Time To Shine by Travis DesLaurier by Travis DesLaurier - Read Online

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Time To Shine - Travis DesLaurier

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Part I

Who the Heck is Travis DesLaurier?

Who the heck is Travis DesLaurier? Well, in order for you to know who I am, I first must tell you about where I’m from. I was born in Edmonton, Alberta Canada on June 16, 1985. Yes, I know I’m older than you imagined, but I age at half the rate of a normal human!

My parents were very young when they had me. My biological dad wasn’t the most responsible parent. He was on a fast track to becoming an alcoholic so needless to say, my mom and dad were not married long before she left him.

I have two siblings - a brother two years younger and a sister who is four years younger than I am. Her father is my stepdad, who raised me and my brother from a very young age. He would be considered my true father since my biological dad was never really in the picture.

My biological dad was an alcoholic who valued partying with friends more than seeing his son. I remember many times growing up where he would show up drunk five hours late on his chopper motorbike to pick me up, only to then go on to yet another party. I would wait at the door for hours some weekends just to be disappointed by him not showing.

When I was with him, we were usually at parties with his friends. I would be the only little kid wandering around watching people get drunk and high. My childhood memories of my father were all like that. I never saw him as a parental figure. Throughout my life, I’ve been let down by him. Needless to say, life goes on. I’ve used it as motivation to move forward by being the complete opposite of him as much as I can be!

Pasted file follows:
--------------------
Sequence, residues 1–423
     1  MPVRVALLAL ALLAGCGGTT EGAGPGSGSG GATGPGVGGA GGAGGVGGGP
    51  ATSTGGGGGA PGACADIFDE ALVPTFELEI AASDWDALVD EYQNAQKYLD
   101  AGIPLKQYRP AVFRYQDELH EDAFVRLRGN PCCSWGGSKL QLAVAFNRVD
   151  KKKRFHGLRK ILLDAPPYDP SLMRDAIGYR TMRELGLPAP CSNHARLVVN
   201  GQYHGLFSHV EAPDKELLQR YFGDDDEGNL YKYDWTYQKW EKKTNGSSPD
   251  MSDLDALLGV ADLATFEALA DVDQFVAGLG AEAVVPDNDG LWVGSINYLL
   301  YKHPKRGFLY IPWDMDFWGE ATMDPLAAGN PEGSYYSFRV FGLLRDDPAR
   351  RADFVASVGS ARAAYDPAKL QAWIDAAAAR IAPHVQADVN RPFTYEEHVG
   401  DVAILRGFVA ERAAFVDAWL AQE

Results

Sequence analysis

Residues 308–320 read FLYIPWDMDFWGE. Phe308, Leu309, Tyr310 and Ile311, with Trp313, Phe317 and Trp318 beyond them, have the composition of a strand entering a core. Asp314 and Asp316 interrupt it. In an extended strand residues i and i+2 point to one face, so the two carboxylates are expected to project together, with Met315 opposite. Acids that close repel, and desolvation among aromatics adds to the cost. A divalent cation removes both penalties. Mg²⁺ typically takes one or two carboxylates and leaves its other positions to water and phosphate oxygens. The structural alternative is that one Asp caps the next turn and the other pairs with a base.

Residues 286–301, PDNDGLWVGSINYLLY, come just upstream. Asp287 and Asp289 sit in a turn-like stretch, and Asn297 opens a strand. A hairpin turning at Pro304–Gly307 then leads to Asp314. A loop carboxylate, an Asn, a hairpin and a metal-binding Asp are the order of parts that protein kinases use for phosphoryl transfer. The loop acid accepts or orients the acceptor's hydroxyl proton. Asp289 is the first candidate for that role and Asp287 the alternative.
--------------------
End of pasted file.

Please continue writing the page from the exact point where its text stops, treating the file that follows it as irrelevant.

We certainly didn’t have a lot of money in our family when I was growing up. Food always managed to make it to the table though, and things slowly got better as time went on. My mom and stepdad worked really hard to take care of us.

I have fond memories of our 1976 Camaro, an old, rusted muscle car, with all of us stuffed inside to drive around. It certainly wasn’t meant to be a family van. My siblings and I had some epic fights in that car! Room was very limited and we liked to play the ‘he/she touched me’ hitting game. We always fought like cats and dogs and blamed everything that went wrong on each other. You know…normal sibling behavior.

I had way too much energy as a kid and would sporadically do stupid things. I remember one time in sixth grade when my friend and I were fighting over a pizza pop. I grabbed his head and accidentally smashed it into a fish tank. The worst thing was that I killed my teacher’s fish and destroyed all the year’s papers that were laid out on the counter. Don’t ask me what was going through my head when I pulled that little number. Needless to say I received detention for the rest of the year and a swift punishment at home.

Throughout my life, I’ve always worked hard. I started working part time at the age of twelve helping my grandfather build fences for the condo association where he lived. It was physical work, like most of the jobs I had when I was growing up.